Scott,
It was never my intent when Paul asked if I wanted to take over to complete the role reversal, even though now I realized it balanced it out nicely.  I do recall thinking before Paul offered that what he was doing seemed difficult for him.  I am not now, nor have I ever been, a Nicotine Girl, but I can say that I have seen and even been friends with some definite candidates.  Girls observe other girls in different ways then how guys observe girls (unless maybe theyíre gay), and I hate to say it, we take those kinds of characteristics and mold them into stereotypical examples of people. Well, at least I do. I can do a real good Valley Girl, and I am not from a Valley. Case in Point: my character in John Wicks Eldritch High game on Friday night in GenCon.

Ron,
The idea of kickers is interesting. Maybe it could be an option if the game is only for one session. I think it really would have helped Paul in his beginning scene framing (and yes he did a great job and made it much easier for me).  Now, I do think that because I am a woman, I know how creepy guys talk (from experience) and how sister's react to each other more realistically than a man would in this particular situation.  This game is also more like life, more than MLwM, Sorcerer, Kill Puppies for Satan or whatever, nothing fantastical, magical, satanical or futuristic. Maybe because I am new at gaming, I donít know. I would encourage my fellow females out there to play it. In fact, itís kinda like one of those movies on Lifetime TV.  But without the happy ending.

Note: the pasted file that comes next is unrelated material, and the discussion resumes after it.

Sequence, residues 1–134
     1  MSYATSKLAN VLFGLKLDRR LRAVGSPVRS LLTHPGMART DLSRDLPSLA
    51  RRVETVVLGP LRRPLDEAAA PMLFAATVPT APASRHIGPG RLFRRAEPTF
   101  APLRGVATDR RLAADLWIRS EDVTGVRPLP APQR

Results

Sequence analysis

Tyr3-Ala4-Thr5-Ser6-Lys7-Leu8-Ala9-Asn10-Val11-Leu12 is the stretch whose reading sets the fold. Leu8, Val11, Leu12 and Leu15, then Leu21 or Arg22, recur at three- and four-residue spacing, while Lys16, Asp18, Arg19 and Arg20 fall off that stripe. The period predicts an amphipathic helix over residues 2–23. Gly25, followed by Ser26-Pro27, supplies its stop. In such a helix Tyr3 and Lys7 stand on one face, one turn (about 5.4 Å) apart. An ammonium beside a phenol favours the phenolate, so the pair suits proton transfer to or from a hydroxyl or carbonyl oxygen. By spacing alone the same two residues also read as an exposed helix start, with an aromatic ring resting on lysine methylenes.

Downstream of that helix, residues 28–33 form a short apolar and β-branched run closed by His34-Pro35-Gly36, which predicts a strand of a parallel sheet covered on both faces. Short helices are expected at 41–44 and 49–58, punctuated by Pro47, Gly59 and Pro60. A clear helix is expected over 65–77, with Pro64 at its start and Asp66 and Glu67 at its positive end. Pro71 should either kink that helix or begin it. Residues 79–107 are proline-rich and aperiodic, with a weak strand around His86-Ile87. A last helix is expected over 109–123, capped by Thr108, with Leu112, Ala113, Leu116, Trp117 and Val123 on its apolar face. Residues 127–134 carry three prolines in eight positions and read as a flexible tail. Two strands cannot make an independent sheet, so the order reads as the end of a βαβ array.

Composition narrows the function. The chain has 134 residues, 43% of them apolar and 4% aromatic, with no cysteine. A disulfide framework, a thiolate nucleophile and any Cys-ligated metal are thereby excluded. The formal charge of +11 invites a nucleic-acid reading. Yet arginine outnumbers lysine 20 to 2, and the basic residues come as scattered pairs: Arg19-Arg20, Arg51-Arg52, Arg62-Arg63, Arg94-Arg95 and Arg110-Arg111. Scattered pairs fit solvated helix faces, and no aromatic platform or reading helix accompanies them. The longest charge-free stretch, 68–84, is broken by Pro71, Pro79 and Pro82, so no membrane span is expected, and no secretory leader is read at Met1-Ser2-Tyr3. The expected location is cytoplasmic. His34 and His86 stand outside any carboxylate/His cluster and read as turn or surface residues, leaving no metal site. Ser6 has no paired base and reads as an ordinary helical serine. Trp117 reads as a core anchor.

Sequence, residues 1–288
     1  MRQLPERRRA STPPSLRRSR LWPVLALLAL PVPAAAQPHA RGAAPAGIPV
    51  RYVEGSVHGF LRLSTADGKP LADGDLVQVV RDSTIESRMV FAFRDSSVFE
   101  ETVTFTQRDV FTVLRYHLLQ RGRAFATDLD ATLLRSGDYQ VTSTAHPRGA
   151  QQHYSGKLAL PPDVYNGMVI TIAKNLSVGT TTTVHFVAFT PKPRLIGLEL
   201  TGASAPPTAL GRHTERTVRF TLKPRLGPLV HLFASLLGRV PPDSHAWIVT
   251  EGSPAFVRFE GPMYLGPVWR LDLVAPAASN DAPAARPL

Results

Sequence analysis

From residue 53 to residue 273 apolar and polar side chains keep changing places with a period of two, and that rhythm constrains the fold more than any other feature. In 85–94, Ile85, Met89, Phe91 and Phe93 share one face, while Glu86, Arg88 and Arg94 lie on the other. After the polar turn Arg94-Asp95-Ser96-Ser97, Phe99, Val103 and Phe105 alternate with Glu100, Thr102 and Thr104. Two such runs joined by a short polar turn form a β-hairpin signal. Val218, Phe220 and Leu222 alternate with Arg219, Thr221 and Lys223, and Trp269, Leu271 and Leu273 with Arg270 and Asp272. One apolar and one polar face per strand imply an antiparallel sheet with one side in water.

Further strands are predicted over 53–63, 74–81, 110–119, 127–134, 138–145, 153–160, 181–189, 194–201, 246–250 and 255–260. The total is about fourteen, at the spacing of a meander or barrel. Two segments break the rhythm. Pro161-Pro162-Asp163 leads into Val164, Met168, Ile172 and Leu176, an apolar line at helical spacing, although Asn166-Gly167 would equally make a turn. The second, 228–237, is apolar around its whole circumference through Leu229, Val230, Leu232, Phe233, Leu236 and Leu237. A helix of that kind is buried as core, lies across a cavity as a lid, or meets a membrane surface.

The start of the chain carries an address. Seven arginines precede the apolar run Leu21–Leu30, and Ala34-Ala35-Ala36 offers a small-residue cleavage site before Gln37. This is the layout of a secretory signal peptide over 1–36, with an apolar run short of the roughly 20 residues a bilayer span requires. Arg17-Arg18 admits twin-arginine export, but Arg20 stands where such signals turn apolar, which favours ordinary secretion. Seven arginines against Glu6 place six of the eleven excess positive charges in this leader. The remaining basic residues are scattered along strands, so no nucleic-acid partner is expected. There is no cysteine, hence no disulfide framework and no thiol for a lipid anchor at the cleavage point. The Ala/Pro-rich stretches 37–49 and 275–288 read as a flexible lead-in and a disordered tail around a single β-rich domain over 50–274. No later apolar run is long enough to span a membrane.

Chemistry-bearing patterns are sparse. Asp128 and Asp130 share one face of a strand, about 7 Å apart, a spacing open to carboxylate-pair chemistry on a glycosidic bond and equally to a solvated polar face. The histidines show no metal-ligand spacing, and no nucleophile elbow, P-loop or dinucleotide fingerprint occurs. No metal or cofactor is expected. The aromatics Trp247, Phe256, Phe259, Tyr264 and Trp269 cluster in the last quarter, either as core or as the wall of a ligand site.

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A haiku inspired by Gen Con 2002:

Oh, Great Bowl of dice
Unearth the die of my dreams
Wicked 12 sider

-D
Paul Czege
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« Reply #5 on: August 08, 2003, 12:26:32 PM »

Hey Ron,

1. Mike describes it the way I had it envisioned. Basically, the group decides at the end of any given session if they want to resolve things for the characters. If so, then everybody rolls and the characters have epilogues. But the notion of some characters exiting early is interesting. The question to answer for this would be, how the player of a character who exited the game might continue to participate in play in a meaningful way?